The United States has the lead in 4 of the 5
industries and has maintained a 35% share of world revenue of all high-technology manufacturing industries since 2001.
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Why is this indicator important?
Policies in many countries reﬂect beliefs that investment in science and technology (S&T) supports industry's competitiveness in international trade.
has identiﬁed 10 industries that have a particularly strong linkage to S&T.
The United States has the highest
in all high-tech manufacturing sectors except ofﬁce and computing machinery.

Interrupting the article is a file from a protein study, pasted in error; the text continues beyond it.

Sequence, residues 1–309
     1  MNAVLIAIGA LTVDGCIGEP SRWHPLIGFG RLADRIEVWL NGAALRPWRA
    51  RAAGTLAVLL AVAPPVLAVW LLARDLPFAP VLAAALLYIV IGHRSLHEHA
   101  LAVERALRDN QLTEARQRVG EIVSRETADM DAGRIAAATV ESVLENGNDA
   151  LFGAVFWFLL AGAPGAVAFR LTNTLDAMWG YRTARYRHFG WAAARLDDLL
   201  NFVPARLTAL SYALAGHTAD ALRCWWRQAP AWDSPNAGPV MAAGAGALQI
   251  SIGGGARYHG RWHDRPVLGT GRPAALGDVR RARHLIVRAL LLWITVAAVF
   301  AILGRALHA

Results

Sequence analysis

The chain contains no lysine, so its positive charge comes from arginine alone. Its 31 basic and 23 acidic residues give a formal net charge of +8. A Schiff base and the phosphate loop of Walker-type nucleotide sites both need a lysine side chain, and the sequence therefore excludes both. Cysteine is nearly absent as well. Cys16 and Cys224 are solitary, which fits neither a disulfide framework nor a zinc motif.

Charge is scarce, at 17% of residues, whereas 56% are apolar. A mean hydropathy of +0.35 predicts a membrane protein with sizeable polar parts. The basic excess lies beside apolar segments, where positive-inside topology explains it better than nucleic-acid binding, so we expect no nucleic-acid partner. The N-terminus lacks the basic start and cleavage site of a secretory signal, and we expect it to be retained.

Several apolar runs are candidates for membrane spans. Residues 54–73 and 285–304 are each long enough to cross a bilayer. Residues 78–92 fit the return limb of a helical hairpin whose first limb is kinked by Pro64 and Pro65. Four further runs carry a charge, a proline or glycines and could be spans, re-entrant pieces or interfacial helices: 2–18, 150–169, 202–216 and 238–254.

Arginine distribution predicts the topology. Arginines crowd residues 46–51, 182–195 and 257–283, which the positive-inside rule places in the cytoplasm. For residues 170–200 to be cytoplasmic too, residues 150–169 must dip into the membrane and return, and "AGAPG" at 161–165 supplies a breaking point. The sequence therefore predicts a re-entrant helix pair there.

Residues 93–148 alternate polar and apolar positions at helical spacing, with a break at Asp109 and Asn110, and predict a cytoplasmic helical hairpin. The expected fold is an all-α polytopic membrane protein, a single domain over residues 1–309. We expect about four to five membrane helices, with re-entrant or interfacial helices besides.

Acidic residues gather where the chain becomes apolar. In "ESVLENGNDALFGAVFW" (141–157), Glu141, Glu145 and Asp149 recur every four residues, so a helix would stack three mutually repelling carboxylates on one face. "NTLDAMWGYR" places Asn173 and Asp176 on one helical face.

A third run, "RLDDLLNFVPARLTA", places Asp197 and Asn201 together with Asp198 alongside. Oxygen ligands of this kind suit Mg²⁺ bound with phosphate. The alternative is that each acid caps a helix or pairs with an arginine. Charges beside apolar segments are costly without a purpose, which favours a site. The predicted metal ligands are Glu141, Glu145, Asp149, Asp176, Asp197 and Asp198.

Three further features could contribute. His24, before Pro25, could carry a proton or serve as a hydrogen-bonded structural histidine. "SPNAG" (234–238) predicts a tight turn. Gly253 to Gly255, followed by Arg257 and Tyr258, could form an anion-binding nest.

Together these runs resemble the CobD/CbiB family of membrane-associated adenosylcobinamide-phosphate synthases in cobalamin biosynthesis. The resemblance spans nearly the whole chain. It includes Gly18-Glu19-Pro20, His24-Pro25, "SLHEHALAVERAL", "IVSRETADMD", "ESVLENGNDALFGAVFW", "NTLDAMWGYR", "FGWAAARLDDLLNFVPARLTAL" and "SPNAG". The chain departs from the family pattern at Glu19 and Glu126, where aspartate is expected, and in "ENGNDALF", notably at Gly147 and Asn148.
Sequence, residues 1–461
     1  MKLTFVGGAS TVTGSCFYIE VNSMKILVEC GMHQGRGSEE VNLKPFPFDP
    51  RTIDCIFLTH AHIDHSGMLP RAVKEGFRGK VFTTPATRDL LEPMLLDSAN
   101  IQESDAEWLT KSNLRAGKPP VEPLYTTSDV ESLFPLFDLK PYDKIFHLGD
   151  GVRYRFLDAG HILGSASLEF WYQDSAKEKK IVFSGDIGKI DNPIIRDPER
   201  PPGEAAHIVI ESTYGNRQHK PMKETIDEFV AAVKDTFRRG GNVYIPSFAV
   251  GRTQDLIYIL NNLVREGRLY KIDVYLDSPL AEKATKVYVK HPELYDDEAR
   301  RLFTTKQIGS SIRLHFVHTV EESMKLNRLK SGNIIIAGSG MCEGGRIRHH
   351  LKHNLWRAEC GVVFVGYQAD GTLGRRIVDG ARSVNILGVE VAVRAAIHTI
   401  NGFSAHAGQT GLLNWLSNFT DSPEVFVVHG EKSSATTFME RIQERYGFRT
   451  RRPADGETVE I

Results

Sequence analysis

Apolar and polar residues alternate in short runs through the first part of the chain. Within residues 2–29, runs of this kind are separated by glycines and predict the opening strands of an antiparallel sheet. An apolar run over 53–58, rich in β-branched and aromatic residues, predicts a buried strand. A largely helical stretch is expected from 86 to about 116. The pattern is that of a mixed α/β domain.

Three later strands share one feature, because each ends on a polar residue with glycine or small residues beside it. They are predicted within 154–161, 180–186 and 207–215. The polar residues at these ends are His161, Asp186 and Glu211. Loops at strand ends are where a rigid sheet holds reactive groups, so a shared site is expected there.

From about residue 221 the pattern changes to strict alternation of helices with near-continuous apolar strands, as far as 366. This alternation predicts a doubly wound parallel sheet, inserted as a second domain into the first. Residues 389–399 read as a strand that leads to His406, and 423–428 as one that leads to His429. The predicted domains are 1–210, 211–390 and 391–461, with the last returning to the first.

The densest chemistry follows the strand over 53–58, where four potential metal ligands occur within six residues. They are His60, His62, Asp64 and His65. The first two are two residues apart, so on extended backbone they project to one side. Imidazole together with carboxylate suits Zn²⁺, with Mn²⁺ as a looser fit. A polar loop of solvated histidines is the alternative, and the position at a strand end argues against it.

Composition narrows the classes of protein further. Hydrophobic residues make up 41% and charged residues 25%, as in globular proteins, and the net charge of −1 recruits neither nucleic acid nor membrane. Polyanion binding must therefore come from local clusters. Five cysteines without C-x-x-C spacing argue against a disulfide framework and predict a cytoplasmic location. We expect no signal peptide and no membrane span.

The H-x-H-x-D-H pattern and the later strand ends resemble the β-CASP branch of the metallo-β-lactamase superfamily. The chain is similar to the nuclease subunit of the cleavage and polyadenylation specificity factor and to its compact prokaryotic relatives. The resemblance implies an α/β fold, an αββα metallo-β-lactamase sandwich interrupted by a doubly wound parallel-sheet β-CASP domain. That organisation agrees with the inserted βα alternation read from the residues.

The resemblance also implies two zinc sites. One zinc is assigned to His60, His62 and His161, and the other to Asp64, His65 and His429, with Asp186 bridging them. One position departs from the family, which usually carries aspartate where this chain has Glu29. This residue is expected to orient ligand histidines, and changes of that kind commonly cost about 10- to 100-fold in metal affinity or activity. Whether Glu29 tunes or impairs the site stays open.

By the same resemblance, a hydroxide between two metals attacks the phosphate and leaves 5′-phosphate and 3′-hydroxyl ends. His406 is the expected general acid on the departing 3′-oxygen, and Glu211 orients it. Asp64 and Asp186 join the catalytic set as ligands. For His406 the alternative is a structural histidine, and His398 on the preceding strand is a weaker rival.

China's share of high-technology manufacturing revenue has more than quadrupled during the past decade. Estimates for 2005 show China accounting for 16% of world value-added revenue, making it the third-ranked country globally.
Japan is ranked second globally in high-technology manufacturing revenue, with 16.1% of world value-added revenue. Its world share in these industries fell sharply from 30% in 1989 to this 2005 estimate.
High-technology industries are driving growth in manufacturing activity worldwide. Between 1986 and 2005, the growth rate of high-technology industries was more than double the rate of other manufacturing industries (SEI 2008
U.S. manufacturing has become more technology-intensive, with the high-technology share of manufacturing industries increasing from 14% in 1990 to 24% in 2005 amidst rising overall manufacturing revenues (SEI 2008